So speaking of the creative writing teacher in me . . .
I'm finally reading a book that my good friend Kim has recommended for years--THE PILLARS OF THE EARTH by Ken Follett. In fact, I bought it in France and started reading it on the airplane and every flight attendant who walked past me said, "That's my favorite book."
MEMO TO KEN FOLLETT: Dude. The world is full of flight attendants who "heart" you.
Anyway. Follett consistently violates the Numero Uno Rule of Writing: he often TELLS instead of SHOWS. For instance, he'll say stuff like "Agnes was his soulmate" or "Alfred hated Jack." Just boom! There it is. If either of those sentences came across my desk I would be all, "Show us what Alfred-hating- Jack looks like." And then I would make my student rewrite that bit.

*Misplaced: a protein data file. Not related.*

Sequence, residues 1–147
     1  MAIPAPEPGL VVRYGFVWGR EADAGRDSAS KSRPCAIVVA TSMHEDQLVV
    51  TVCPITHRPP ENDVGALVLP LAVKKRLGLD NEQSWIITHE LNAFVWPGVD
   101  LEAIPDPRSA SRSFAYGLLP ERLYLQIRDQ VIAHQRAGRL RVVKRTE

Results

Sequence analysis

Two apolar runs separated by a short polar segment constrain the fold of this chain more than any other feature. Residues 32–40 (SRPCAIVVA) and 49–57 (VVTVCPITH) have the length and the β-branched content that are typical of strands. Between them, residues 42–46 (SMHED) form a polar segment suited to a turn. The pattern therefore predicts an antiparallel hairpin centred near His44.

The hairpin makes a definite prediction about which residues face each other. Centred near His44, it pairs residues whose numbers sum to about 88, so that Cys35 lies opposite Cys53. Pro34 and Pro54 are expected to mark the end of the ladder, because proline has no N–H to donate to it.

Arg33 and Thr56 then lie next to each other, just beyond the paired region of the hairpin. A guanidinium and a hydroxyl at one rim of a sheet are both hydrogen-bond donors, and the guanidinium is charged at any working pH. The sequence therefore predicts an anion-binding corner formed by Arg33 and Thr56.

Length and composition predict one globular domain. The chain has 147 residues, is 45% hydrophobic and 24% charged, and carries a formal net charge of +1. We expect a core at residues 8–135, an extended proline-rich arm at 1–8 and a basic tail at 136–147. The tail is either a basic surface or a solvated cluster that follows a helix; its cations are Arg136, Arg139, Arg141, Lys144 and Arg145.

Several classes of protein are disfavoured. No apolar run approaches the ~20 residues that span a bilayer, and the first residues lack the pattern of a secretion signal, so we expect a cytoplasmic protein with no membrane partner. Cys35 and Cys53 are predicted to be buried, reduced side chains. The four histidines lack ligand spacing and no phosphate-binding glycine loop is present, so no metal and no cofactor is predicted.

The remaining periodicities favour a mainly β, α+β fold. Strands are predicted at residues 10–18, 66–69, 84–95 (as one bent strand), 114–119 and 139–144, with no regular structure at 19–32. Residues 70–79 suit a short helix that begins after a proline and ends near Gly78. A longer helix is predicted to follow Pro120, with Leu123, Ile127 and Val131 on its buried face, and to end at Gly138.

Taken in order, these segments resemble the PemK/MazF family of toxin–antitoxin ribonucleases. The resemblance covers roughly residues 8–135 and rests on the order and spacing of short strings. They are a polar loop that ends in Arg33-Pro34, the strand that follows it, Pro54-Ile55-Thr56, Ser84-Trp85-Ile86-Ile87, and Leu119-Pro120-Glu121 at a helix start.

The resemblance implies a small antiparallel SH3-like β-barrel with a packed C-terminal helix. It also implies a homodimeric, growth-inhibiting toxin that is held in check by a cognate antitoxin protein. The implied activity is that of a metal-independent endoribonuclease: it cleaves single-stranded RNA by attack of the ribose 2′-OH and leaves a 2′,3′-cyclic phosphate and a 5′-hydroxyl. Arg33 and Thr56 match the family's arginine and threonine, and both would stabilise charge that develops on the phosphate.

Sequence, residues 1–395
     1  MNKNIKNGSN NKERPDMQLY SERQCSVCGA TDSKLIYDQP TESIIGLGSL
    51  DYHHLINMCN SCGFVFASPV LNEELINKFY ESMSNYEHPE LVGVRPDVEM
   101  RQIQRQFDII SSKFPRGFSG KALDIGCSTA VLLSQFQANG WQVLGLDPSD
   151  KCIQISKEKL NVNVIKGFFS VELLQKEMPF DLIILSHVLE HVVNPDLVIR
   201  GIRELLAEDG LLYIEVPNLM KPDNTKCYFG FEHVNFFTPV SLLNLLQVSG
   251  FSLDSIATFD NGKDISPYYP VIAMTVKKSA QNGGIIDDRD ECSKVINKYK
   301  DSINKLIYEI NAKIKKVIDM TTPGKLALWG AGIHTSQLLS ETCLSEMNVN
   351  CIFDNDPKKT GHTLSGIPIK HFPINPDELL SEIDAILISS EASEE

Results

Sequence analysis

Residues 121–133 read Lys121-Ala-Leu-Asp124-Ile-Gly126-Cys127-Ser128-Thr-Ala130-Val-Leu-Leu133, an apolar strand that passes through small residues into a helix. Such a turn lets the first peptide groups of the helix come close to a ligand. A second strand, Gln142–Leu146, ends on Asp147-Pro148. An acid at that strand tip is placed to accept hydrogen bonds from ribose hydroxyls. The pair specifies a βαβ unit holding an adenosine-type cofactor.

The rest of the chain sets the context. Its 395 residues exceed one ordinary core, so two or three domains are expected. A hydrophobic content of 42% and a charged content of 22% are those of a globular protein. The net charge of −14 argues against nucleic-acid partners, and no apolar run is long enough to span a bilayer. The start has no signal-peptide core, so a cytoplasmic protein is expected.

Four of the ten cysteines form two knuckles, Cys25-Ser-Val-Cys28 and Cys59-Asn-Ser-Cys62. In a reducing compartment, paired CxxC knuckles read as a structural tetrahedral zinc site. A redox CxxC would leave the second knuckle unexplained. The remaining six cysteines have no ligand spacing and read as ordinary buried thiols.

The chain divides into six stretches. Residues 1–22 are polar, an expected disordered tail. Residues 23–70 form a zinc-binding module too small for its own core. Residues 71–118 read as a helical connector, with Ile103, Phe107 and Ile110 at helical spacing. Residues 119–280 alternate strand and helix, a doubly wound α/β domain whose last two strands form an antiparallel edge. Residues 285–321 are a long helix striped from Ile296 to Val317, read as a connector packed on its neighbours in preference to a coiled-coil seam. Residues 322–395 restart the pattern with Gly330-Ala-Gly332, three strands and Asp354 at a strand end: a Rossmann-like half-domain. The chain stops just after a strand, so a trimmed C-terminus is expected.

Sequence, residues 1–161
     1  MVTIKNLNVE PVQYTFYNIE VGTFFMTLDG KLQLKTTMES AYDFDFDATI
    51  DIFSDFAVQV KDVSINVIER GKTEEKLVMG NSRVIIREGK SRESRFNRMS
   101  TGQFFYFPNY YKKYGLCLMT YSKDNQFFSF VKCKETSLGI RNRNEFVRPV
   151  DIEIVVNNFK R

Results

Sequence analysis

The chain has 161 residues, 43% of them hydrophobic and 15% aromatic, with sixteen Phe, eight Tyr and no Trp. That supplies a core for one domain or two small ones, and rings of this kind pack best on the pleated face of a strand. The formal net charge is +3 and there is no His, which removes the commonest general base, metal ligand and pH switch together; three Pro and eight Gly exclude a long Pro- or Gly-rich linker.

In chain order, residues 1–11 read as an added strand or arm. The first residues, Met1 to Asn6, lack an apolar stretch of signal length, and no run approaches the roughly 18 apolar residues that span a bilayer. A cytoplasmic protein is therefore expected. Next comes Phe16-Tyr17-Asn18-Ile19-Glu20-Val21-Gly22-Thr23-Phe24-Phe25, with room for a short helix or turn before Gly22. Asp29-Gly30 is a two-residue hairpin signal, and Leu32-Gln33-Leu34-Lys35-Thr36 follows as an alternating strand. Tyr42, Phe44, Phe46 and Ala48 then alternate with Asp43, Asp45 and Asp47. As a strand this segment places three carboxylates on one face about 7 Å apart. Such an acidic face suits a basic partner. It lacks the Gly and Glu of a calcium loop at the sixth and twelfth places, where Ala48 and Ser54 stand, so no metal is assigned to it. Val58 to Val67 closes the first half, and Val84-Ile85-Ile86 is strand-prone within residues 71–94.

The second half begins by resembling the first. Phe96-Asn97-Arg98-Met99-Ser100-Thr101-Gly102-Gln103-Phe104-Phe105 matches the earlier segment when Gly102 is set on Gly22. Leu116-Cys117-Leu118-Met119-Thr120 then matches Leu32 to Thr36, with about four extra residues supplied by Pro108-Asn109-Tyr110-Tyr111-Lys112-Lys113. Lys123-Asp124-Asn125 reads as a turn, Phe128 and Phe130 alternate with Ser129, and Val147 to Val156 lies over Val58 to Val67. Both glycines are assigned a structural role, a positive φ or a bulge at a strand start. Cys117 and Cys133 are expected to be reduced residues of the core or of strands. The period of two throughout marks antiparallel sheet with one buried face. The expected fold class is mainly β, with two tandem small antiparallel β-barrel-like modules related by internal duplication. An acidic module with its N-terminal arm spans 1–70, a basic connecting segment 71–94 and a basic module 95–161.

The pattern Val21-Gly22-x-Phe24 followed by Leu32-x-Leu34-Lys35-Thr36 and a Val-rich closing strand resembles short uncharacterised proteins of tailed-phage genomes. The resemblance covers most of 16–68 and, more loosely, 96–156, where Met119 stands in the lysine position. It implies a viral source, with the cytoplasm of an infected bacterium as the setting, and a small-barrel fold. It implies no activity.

But here's the thing. The narrative Follett has going is completely compelling. I'm liking the book a lot--especially the female characters who are extraordinarily vivid. And all the while I keep asking myself, "Why is this working?" because basically the advice to show (not tell!) is sound.
I'm looking forward to consuming a double fudge malt tonight. The thought of it keeps me going.